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Geology of the southern part of the Red Mountain quadrangle, California

Citation

Ahlroth, Carl Wilhelm (1938) Geology of the southern part of the Red Mountain quadrangle, California. Bachelor's thesis, California Institute of Technology. http://resolver.caltech.edu/CaltechTHESIS:12212009-151213006

Abstract

An area of about twenty square miles in the southern half of the Red Mountain Quadrangle, Los Angeles County, California, was mapped geologically in the spring of 1938. The area lies within the Transverse Ranges Province of California, and comprises the following rocks: a pre-Cambrian mica schist (Pelona schist), continental sediments of Oligocene (?) (Sespe formation) and lower-upper Miocene (Mint Canyon formation) age, and marine sediments of upper Miocene age (Modelo). The Sespe is overthrust over the Pelona schist and the Mint Canyon. The Mint Canyon lies with a depositional contact upon the Pelona schist and is overlain unconformably by the Modelo which overlaps it to the west.

The area has undergone several periods of rejuvenation during Quaternary times, the uplift not being accompanied by tilting. Remnants of the old land surface and stream terraces at various levels indicate that before uplift the area was in late maturity of the physiographic cycle; now it is in a youthful stage of development.

The main structural features are the Sespe overthrust, folds trending northeast-southwest, and a well developed flow cleavage and shear joint system in the schist. Forces of a static nature have affected the area at one time, as shown by the flow cleavage in the schist, but the most recent, dominant force acting in the area is considered to be compressive, non-rotational, inclined below the horizontal, and acting in a southwest direction. Its attitude is approximately N10°E.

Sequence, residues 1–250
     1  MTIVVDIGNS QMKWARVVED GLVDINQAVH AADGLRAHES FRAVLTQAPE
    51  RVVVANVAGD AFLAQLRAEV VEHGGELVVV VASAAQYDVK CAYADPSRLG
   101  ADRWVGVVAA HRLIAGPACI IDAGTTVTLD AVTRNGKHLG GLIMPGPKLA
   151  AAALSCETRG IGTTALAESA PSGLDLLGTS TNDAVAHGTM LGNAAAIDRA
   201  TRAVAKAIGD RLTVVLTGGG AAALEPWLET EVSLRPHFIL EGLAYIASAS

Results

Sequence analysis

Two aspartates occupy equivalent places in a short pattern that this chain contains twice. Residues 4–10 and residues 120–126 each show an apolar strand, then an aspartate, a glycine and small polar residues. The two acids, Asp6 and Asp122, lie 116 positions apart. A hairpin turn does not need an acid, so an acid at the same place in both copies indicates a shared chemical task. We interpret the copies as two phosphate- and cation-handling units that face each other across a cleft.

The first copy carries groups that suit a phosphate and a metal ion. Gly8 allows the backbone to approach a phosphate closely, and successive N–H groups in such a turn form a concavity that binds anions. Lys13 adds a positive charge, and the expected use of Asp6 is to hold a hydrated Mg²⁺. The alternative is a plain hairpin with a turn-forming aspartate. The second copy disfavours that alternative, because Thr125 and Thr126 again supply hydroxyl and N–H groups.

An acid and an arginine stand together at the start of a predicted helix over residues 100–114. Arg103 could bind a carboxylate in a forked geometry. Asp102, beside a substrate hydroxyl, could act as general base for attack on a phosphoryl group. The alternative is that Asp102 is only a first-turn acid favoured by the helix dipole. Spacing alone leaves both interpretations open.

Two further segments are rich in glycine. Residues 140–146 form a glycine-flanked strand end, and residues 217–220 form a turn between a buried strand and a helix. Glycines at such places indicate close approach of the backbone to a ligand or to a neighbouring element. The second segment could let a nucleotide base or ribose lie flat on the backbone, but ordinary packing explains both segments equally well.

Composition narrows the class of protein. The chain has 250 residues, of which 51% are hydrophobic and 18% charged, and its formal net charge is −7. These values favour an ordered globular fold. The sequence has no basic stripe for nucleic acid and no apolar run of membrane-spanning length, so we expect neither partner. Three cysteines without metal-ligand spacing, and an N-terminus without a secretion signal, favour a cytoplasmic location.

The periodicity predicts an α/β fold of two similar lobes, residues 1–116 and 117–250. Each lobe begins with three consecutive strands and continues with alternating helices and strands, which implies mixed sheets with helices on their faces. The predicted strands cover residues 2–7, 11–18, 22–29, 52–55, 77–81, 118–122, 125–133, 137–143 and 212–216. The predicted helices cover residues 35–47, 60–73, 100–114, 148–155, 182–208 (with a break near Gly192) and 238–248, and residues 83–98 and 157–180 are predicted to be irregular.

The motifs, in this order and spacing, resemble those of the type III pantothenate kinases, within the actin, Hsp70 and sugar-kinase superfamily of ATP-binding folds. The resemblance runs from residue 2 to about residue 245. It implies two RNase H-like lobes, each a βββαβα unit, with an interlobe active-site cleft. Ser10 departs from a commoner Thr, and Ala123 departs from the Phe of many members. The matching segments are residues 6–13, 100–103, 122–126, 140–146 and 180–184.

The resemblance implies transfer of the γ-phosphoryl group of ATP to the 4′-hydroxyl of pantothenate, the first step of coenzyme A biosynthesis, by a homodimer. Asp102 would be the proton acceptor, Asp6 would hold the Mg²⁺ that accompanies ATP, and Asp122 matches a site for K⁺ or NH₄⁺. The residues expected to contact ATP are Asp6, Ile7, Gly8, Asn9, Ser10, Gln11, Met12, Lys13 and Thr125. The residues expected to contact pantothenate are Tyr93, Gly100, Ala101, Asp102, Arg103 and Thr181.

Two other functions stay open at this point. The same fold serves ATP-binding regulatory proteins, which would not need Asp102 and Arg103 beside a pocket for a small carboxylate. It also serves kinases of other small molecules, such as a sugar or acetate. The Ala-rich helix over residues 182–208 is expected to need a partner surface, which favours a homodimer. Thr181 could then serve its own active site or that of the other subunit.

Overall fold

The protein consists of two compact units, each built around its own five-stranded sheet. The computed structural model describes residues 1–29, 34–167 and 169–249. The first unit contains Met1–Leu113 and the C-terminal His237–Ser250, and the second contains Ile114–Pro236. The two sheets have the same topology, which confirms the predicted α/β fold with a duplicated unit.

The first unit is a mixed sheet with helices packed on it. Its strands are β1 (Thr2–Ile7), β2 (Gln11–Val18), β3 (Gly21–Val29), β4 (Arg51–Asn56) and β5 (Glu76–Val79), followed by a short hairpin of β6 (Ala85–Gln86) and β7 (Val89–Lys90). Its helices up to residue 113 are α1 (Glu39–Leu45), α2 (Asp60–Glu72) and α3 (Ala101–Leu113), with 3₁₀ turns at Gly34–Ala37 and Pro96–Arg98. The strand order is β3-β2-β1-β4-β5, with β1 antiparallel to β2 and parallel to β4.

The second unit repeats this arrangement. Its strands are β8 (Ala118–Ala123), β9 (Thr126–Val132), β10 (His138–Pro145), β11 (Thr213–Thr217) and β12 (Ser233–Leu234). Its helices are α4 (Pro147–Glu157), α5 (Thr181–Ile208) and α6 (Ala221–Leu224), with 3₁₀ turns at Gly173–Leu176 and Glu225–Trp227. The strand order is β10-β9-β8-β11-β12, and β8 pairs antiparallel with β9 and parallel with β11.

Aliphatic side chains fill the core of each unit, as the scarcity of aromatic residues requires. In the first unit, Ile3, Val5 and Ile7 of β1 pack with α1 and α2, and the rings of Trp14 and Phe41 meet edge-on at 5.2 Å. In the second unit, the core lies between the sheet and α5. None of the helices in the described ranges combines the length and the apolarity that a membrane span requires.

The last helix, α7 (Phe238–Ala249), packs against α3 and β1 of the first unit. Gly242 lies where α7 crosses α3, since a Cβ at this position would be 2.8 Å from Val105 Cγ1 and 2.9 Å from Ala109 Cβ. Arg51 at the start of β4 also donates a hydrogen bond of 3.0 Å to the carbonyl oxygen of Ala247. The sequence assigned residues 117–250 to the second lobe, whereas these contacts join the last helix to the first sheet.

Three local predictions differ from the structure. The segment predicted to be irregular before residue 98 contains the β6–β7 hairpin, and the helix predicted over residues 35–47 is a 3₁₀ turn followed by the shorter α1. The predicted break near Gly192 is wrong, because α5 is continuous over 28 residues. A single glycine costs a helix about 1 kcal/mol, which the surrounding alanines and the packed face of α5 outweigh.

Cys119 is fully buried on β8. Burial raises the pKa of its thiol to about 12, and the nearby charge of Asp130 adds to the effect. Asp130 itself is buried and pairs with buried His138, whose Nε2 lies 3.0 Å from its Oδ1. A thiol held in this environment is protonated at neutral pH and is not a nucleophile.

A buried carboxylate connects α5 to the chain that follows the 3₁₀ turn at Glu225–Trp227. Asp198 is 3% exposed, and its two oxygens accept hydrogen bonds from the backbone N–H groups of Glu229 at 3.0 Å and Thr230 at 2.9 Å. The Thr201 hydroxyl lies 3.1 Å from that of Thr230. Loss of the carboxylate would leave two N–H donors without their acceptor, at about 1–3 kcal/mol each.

The area investigated and herein described is situated in the northwestern part of Los Angeles County and in the southwestern part of the San Gabriel Mountains. It comprises the southern half of the Red Mountain Quadrangle, having as its eastern and western limits, 118°30’ and 118°36’ west longitude and as its northern and southern limits, latitudes of 34°33’ and 34°30’ respectively. The area mapped contains about twenty square miles. It is about forty-five miles north-west of Los Angeles and about nine miles north of Saugus. The area lies within the reserves of the Angeles National Forest.

The area is easily reached by automobile, for there are excellent paved roads from all outlying districts which lead to Saugus. The main highway from Los Angeles to Saugus is U.S. 99, but there are others equally good. In addition a branch of the Southern Pacific railroad passes through Saugus. The only unpaved road to be encountered is a good, gravel road in San Francisquito Canyon.

Item Type:Thesis (Bachelor's thesis)
Subject Keywords:Geology
Degree Grantor:California Institute of Technology
Division:Geological and Planetary Sciences
Major Option:Geology
Thesis Availability:Public (worldwide access)
Research Advisor(s):
  • Unknown, Unknown
Thesis Committee:
  • Unknown, Unknown
Defense Date:31 May 1938
Record Number:CaltechTHESIS:12212009-151213006
Persistent URL:http://resolver.caltech.edu/CaltechTHESIS:12212009-151213006
Default Usage Policy:No commercial reproduction, distribution, display or performance rights in this work are provided.
ID Code:5470
Collection:CaltechTHESIS
Deposited By: Tony Diaz
Deposited On:14 Jan 2010 16:56
Last Modified:18 Oct 2017 22:44

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